I hiked back out. The whole trip only took 4 hrs. I was suprised. I probably could have tagged Hidrofobia on in the same day if I had have been more familiar with the area. But it was nice to have a lazy afternoon. I moved camp to a very nice spot by the river.


I already had my gear cached at the start of the canyon, so after caching my gear, I headed down with a light pack. The route started with a bang. A considerable jump with some more to follow.

There was only one spot I used a hand line (it was already there). It was a 2m downclimb between some boulders. The rest of the route was jumps. I never even took the harness or cord out of my pack.

The section that followed was nice, but not really canyoning. Mostly creek walking with the occasional jump or slide. Some nice travertine formations.

There was one nice constriction in around the middle of the route. But all in all I was a little disappointed. Once you reach río Adjuntas there is a quad trail you can follow back to Las Adjuntas. There were some ppl camped there. Walked the road back to Potrero Redondo. Dark just as I arrived. 7hrs if include Rd walk.

Before I got to sleep, I emerged from my tent to get some water from the creek. I noticed some lights… Bioluminescence. But unlike the lights I’d seen in el Barrancas del Cobre, these weren’t flashing : I knew it must be a different critter. Grabbing my headlamp, I soon confirmed it wasn’t a centipede, some kind of slater. It was hard to get a photo. As soon as you’d illuminate them, you had a couple of seconds before they would turn off their lights. I only managed one photo before I decided it was time for bed. Tomorrow would be the longest route.

Left camp around 7:30 (maybe 9:30. I think my camera clock was wrong). On the other side of Potrero Redondo I found some canyon topos outside Aldea Matacanes. Whilst some company would have been nice, I was glad it wasn’t overcrowded.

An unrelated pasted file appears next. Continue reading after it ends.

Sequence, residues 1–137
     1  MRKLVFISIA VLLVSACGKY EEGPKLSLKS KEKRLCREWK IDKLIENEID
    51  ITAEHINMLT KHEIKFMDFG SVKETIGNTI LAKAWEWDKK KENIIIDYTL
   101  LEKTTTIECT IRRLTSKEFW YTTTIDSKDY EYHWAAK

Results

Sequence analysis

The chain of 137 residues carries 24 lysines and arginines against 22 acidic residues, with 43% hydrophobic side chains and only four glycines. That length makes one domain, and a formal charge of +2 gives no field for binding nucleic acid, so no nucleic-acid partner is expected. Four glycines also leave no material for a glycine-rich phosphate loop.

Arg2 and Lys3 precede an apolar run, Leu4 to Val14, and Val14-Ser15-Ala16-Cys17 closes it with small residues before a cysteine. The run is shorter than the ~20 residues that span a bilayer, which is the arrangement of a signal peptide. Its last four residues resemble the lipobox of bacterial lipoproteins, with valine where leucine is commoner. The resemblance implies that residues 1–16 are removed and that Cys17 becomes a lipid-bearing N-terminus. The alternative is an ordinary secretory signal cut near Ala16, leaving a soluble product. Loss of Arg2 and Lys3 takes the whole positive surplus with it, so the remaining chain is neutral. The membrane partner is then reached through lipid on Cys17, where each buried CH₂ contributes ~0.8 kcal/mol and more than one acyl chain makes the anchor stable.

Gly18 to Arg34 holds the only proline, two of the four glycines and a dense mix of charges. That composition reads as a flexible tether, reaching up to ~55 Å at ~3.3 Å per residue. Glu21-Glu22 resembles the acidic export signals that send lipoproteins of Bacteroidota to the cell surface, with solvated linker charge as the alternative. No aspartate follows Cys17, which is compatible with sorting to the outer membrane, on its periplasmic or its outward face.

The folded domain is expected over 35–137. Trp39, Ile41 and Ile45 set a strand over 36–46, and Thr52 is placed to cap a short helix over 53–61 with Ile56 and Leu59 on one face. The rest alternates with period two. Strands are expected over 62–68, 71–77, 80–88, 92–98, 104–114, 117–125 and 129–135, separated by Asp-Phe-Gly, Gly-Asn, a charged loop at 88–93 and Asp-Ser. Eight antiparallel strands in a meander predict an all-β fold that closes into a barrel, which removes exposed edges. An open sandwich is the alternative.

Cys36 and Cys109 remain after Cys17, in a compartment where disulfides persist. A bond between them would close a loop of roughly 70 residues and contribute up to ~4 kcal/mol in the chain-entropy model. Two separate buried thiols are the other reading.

The walk to the canyon was longer than I expected and I even took a GPS reading to make sure I was going the right way (a couple of cool ant highways on the way. Not sure I’ve seen one before).

I rapped down about 7m beside Lagunillas Cascade (the first pitch), and jumped the rest rest of the way.

In one hour I reached the first cave (Matacan de Arriba). Apart from one nice section where you meander through large boulders, I didn’t think much of this top part. The cave was very nice. 23m +16m pull cord was all I needed (could do with a little less).

After the cave it opened back up. Again it wasn’t amazing. An hour and a half from entering the cave I noted flagging on the right. An escape, or maybe alternate entrance. From here the canyon narrowed getting better.

20 mins from the flagging I jumped into an amazing section. Fantastic!Amazing shower heads! Probably the best I’ve seen. I must have been beaming the entire way, excitement only fading as I emerged from Matacan de Abajo – the second cave.

This section was very short. From the jump it was only another 20 mins before I swam out of the second cave.

1.5hrs to las Adjuntas. Cached gear and walked to Potrero Redondo in the rain.


The next day after drying gear out a little, I walked to Las Adjuntas with a local, his horse and dog. A crazy number of side-by-sides and quads went past. Over 100 I think!

Recovering my cache, I waited a few hours and then hitched Puerto Genovevo with some ecologists studying carnivorous plants. There is a cell tower at the junction, and after a week of no contact, I sat with the midges and organised the w/e. Fernando confirmed he’d be coming (that trip here) and Samuel suggested some good camp spots. I hitched to González to spend the night.

P.S. This car made it to Las Adjuntas!